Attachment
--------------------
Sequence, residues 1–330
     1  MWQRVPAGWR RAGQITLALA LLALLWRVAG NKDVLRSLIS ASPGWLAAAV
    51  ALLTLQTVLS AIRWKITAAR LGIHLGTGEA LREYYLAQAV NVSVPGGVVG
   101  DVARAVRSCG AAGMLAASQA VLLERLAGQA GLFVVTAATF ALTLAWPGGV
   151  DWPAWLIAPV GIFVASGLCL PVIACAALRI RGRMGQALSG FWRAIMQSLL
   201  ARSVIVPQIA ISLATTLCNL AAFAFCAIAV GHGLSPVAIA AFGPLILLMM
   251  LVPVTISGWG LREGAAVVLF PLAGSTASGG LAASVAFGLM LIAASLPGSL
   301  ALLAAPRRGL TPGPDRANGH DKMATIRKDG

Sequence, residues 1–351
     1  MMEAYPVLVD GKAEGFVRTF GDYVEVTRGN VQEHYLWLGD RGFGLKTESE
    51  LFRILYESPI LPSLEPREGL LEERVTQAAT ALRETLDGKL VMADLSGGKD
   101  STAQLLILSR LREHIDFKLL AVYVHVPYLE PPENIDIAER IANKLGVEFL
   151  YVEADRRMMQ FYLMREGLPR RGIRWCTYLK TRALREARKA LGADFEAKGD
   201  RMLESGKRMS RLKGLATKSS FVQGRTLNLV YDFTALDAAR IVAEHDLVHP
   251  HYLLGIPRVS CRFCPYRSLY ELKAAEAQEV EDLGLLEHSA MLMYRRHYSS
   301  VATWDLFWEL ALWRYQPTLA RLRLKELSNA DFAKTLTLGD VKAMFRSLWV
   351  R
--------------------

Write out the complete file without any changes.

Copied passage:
Sequence, residues 1–330
     1  MWQRVPAGWR RAGQITLALA LLALLWRVAG NKDVLRSLIS ASPGWLAAAV
    51  ALLTLQTVLS AIRWKITAAR LGIHLGTGEA LREYYLAQAV NVSVPGGVVG
   101  DVARAVRSCG AAGMLAASQA VLLERLAGQA GLFVVTAATF ALTLAWPGGV
   151  DWPAWLIAPV GIFVASGLCL PVIACAALRI RGRMGQALSG FWRAIMQSLL
   201  ARSVIVPQIA ISLATTLCNL AAFAFCAIAV GHGLSPVAIA AFGPLILLMM
   251  LVPVTISGWG LREGAAVVLF PLAGSTASGG LAASVAFGLM LIAASLPGSL
   301  ALLAAPRRGL TPGPDRANGH DKMATIRKDG

Sequence, residues 1–351
     1  MMEAYPVLVD GKAEGFVRTF GDYVEVTRGN VQEHYLWLGD RGFGLKTESE
    51  LFRILYESPI LPSLEPREGL LEERVTQAAT ALRETLDGKL VMADLSGGKD
   101  STAQLLILSR LREHIDFKLL AVYVHVPYLE PPENIDIAER IANKLGVEFL
   151  YVEADRRMMQ FYLMREGLPR RGIRWCTYLK TRALREARKA LGADFEAKGD
   201  RMLESGKRMS RLKGLATKSS FVQGRTLNLV YDFTALDAAR IVAEHDLVHP
   251  HYLLGIPRVS CRFCPYRSLY ELKAAEAQEV EDLGLLEHSA MLMYRRHYSS
   301  VATWDLFWEL ALWRYQPTLA RLRLKELSNA DFAKTLTLGD VKAMFRSLWV
   351  R